Picture this: you’re rounding off your best year of golfing yet—five consecutive tournament wins to date. Suddenly, you suffer from a rotator cuff injury on your left shoulder blade. In spite of all odds, you power through the pain and go on to win the World Golf Championships-American Express with a total of 23 under.
Pretty impressive, right? That’s exactly what happened to Tiger Woods at the height of his career in 2006. While most golfers don’t go on to win world championships, many have at least one thing in common with Tiger: shoulder pain from golf.
In fact, it is estimated that up to 18% of all golf injuries are shoulder-related. Let’s explore the science behind shoulder injuries in golf and the most common methods for prevention and treatment.
Golf Shoulder Pain Explained
A common misconception about golf is that it’s a sport with a near-zero risk for injury. This is far from the truth–when compared to sports like rugby and hockey, the likelihood of injury is actually higher.
But what makes golfers so injury-prone? While golfing is indeed a low-impact sport, the opportunities for overuse and poor technique are immense. Amateur golfers are more than twice as likely to develop injuries when compared to professional players.
For all golfers, the act of swinging can place a large amount of stress on the shoulder’s surrounding muscles, connective tissue, and tendons. This stress on the shoulder is partially due to the limited pelvic rotation that takes place during the swing. With repeated use, the resulting damage to the shoulder components can lead to injuries such as rotator cuff tears—rips in the muscles that help stabilize the shoulder joint.
How to Prevent Shoulder Injuries from Golf
For players looking to avoid sitting out for the season due to painful injuries, prevention is critical. Below are a few key things to consider:
- Make sure to practice good form: Repetitive instances of improper form and technique can increase the likelihood of sustaining a shoulder injury. Improper form can present itself in many ways—from having a weak grip on the club to swinging too hard. Make sure to always practice proper form and ask for help/training from more experienced players if necessary.
- Use the right equipment: Club length and weight are important factors to consider when choosing the right equipment. Always choose equipment that’s not too heavy and that you feel comfortable using regularly.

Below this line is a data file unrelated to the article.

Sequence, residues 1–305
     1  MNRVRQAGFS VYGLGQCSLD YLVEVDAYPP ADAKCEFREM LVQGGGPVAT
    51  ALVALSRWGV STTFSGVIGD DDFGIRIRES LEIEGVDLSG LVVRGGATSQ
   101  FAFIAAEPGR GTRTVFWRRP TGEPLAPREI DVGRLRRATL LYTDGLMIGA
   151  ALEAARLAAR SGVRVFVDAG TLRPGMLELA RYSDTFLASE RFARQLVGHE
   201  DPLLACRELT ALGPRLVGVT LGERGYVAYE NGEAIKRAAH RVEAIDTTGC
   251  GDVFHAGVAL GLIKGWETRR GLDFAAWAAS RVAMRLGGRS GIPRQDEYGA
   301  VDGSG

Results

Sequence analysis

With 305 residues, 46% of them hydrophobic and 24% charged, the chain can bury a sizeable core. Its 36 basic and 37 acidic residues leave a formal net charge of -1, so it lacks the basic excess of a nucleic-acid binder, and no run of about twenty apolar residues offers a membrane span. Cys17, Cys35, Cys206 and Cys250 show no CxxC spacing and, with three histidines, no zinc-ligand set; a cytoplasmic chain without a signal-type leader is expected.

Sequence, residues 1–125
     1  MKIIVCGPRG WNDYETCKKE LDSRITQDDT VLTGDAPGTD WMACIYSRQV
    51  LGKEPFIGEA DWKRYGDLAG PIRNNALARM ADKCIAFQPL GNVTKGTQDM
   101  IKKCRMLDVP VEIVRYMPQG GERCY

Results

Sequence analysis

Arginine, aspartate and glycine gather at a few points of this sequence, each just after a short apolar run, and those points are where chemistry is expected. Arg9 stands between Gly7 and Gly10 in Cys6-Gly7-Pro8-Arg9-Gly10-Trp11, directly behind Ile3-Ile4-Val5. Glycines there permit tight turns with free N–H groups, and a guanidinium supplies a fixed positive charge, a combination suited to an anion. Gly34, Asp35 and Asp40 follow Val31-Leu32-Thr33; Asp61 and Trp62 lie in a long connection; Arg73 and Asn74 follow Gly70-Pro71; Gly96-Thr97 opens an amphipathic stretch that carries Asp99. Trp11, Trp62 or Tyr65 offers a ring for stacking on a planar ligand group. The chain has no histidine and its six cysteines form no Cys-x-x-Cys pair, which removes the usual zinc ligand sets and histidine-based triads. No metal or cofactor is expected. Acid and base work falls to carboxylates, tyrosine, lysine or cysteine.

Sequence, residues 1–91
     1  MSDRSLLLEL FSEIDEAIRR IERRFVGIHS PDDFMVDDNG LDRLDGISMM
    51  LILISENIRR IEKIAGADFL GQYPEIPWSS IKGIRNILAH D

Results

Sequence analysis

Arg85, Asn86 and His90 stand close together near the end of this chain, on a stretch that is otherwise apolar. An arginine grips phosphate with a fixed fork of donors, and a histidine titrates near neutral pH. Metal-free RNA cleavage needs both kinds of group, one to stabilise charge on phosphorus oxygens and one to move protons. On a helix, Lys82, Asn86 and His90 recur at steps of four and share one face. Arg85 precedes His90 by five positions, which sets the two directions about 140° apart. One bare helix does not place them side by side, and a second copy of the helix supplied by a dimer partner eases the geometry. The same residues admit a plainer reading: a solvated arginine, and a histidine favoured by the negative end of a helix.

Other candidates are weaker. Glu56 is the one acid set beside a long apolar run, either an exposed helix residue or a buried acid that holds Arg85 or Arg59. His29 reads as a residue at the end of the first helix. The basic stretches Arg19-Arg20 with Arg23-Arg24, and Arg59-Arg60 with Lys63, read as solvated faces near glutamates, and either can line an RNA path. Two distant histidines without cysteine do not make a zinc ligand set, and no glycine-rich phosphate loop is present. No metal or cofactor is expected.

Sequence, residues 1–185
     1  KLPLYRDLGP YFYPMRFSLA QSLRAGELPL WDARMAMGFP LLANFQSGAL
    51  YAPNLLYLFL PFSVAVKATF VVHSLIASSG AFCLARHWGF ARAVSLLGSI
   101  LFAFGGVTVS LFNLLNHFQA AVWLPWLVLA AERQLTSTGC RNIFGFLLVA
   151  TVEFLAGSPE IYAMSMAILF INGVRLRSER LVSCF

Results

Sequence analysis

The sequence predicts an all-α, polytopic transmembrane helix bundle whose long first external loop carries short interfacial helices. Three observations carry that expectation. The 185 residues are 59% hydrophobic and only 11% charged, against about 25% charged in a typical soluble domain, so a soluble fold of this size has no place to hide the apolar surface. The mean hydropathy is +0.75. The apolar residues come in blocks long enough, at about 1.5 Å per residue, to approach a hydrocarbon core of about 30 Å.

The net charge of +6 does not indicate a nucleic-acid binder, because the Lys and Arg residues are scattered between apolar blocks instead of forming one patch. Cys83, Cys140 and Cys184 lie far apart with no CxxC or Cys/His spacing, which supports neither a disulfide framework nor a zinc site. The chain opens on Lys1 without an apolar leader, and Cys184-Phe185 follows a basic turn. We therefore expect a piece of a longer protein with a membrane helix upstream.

- Be mindful of overuse: When swinging, pay extra attention to how your shoulder feels. If you begin to feel discomfort, consider sitting out a few rounds until the pain stops.
Common Shoulder Injuries and Treatment Options
If you’ve taken all the necessary precautions and still find yourself experiencing shoulder pain, then a visit to a specialist is the best route for a proper diagnosis and treatment plan. Common shoulder injuries and their associated treatment plans can include the following:
- Rotator Cuff: One of the most common golf injuries is a tear of the rotator cuff. Depending on the severity, a conservative treatment plan might be prescribed. Treatment for a rotator cuff injury often involves a combination of at-home stretching exercises, pain medications, and physical therapy.
- Shoulder Instability: Another common shoulder injury from golf is instability. Shoulder instability is when the ball of the shoulder joint shifts either partially or completely out of the socket due to excessive stretching or tearing. In some cases, shoulder surgery is recommended to tighten stretched ligaments and restore joint stability.
- Frozen Shoulder: For golfers suffering from frozen shoulder— a painful condition causing stiffness in the shoulder joint— treatment can include over-the-counter nonsteroidal anti-inflammatory drugs (NSAIDs) and physical therapy.
Don’t Let Shoulder Pain Stop Your Swing
Do you have recurring or unexplained shoulder pain? Consider scheduling an evaluation with Dr. Van Thiel. As a leader in orthopedics and sports medicine, Dr. Van Thiel has extensive experience working with patients who suffer from golf-related injuries such as shoulder impingement and instability.